Thursday, March 19, 2009

Some Examples of CIA Misconduct Against Cuba, SDS, Black Power Movement, Journalists, etc.

Some examples of CIA misconduct

Originally printed June 27, 2007

WASHINGTON (AP) — Some examples of CIA misconduct described in 693 pages of documents released by agency Tuesday:

One plot against Fidel Castro:

CIA Office of Security Director Howard Osborn described a plot begun in August 1960 to kill the Cuban leader. Ex-FBI agent Robert Maheu, a top aide to Howard Hughes in Las Vegas, was recruited to approach mobster Johnny Roselli and pass himself off as the representative of international corporations who wanted Castro killed because he'd caused financial losses for their Cuban operations.

Roselli was to be told the U.S. government should never hear of the plot. Roselli introduced Maheu to "Sam Gold" and "Joe," who were actually 10-most wanted mobsters Salvatore Giancana, Al Capone's successor in Chicago, and Santos Trafficante. The mobsters turned down $150,000 and worked for free. CIA gave them six poison pills; they tried unsuccessfully for several months to have several people put them in the Cuban leader's food. This particular plot was dropped after the failed CIA-sponsored Bay of Pigs invasion of Cuba, but other plots continued against Castro although they are not detailed in these documents.

At one point, Giancana asked Maheu to bug the Las Vegas hotel room of entertainer Dan Rowan to see if Giancana's girlfriend, singer Phyllis McGuire, was sexually intimate with Rowan. The technician, however, was arrested planting the bug and Osborn's office eventually had to tell Attorney General Robert Kennedy how the episode came about in order to get the Justice Department to drop charges against Maheu and the technician.

Studies of U.S. radicals:

The documents reflect the CIA's interest in Students for a Democratic Society. The radical left-wing group had chapters on major college campuses around the country.

In a document entitled "SDS and other student activist groups," the CIA said that it produced a 30-page study of the organization "and its foreign ties."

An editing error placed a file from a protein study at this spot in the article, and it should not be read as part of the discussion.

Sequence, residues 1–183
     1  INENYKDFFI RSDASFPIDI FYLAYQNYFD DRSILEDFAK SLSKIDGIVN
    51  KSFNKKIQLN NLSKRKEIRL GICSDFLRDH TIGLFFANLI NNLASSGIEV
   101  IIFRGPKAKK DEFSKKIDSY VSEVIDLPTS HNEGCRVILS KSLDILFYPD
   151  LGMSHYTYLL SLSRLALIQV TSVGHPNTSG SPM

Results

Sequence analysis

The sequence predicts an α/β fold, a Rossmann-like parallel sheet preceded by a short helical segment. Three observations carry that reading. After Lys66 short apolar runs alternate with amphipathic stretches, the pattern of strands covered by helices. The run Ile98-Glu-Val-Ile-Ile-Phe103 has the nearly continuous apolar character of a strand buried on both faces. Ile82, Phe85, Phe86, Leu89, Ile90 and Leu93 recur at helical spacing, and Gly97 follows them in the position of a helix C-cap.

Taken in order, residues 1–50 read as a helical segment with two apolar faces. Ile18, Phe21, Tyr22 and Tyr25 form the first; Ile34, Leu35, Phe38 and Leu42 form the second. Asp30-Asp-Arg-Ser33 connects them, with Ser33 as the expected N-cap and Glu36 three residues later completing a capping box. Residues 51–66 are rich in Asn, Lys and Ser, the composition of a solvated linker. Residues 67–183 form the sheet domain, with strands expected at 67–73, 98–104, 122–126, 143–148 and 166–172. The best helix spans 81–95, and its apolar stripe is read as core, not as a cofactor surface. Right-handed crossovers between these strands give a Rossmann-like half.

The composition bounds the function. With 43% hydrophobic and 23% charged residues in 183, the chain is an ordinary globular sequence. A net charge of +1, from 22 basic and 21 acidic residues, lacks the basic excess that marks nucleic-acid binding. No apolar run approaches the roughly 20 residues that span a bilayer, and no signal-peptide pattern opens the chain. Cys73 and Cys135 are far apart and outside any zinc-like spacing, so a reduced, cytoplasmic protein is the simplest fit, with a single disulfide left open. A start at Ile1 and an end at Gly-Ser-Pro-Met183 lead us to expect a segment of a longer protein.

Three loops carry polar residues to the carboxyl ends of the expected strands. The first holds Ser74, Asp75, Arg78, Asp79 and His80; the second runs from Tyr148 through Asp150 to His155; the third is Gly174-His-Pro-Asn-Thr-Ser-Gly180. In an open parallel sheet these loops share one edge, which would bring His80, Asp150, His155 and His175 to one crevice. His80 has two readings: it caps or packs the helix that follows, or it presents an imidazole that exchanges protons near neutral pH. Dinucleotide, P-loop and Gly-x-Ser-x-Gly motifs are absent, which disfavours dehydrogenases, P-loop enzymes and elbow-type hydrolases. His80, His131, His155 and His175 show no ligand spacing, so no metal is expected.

The agency produced another paper entitled "Restless Youth," including a "most sensitive section" that "was a philosophical treatment of student unrest, its motivation, history and tactics.

"It drew heavily on overt literature and FBI reporting on SDS and affiliated groups," the document said. Another section of the report comprised "19 chapters on foreign student dissidence."

The agency "began following Caribbean black radicalism in earnest in 1968," the summary said.

The agency provided the CIA director a memo "with special attention to links between black radicalism in the Caribbean and advocates of black power in the U.S."

The agency "wrote typescript memos on Stokely Carmichael's travels abroad during a period when he had dropped from public view," the summary added. The prominent black activist popularized the rallying cry "Black Power" during the civil rights upheavals of the 1960s.

The CIA participated in an interagency group created in 1970 "to produce fully evaluated national domestic intelligence studies, including studies on demonstrations, subversion, extremism and terrorism.

"The White House has insisted that the existence of this committee be kept secret," said the document, entitled "Intelligence Evaluation Committee and Staff." "Awareness of its existence within this agency has been limited to" fewer than 10 people.